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NAIOP InSites Magazine

810 Bestgate Road
810 Bestgate Road

Healthcare and life sciences markets create opportunities for spec buildings and conversions

On a high-visibility site two miles from Anne Arundel Medical Center, St. John Properties’ decision to build a 100,000 square foot, LEED Gold, state of the art, medical office building on spec is paying off. In quick succession, St. John announced leases with Maryland Oncology Hematology, Chesapeake Medical Imaging, Chesapeake Urology, Kure Smart Pain Management, MedStar Medical Group, and Allergy and Asthma Management, filling 75 percent of the new building.

“The demand for high-quality medical office space continues throughout many submarkets in the region as health systems and practitioners look for community-based locations,” said Sean Doordan, Senior Vice President of Leasing and Acquisitions at St. John Properties, Inc.

The 810 Bestgate Road project exemplifies the company’s vision of how to successfully and speculatively deliver those specialized real estate products, Doordan added. “Larger floorplates provided blank canvases for bigger users in the market. During development, we incorporated a covered entrance and a number of life safety features in response to clients seeking to build Ambulatory Surgical Centers (ASCs), that effectively reduces tenant build-out expenses.”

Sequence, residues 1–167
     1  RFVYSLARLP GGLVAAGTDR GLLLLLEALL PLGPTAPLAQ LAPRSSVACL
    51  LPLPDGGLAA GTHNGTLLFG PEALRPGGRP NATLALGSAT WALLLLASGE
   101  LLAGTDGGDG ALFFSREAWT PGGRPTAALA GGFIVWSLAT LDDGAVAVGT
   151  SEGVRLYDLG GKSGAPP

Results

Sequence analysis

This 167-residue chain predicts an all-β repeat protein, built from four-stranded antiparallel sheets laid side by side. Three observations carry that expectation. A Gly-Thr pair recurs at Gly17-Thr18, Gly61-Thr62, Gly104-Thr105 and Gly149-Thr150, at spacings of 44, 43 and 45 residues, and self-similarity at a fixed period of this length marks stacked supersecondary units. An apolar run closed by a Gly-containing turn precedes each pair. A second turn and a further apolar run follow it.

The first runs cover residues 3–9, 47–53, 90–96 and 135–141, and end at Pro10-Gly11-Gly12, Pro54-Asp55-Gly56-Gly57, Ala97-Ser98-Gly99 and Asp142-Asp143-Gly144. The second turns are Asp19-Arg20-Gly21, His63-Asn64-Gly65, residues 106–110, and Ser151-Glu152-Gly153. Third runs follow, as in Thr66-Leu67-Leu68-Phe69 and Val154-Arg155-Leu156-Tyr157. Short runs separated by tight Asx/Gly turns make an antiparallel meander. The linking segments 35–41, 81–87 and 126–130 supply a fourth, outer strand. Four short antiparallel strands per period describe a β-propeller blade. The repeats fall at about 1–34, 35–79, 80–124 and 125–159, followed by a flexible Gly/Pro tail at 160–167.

And 810 Bestgate Road is just one example of how trends in the healthcare and life sciences sectors are generating a significant number and variety of real estate opportunities in Maryland.

The COVID-19 pandemic gave new fuel to the pre-existing trend to move more services out of hospitals and into community-based facilities which can lower costs, reduce disease spread and make healthcare services more accessible.

In its latest “Healthcare Real Estate Outlook,” JLL said two major demographic groups are also driving that segmentation of wellness and acute care in real estate. Both “millennial heads of households and the growing 65-plus demographic value preventive and personalized care” that is more readily available in community-based, outpatient facilities.

Furthermore, the 65-plus demographic will soon constitute more than 20 percent of the U.S. population and that situation will continue until after 2050, JLL noted.

“As the population gets older, you are going to see more need for urologists, radiologists, ophthalmologists, vascular specialists, orthopedic surgi-centers and other hands-on medical services that can’t be provided through a telehealth call,” said Gail Chrzan, Senior Vice President of Blue & Obrecht Realty.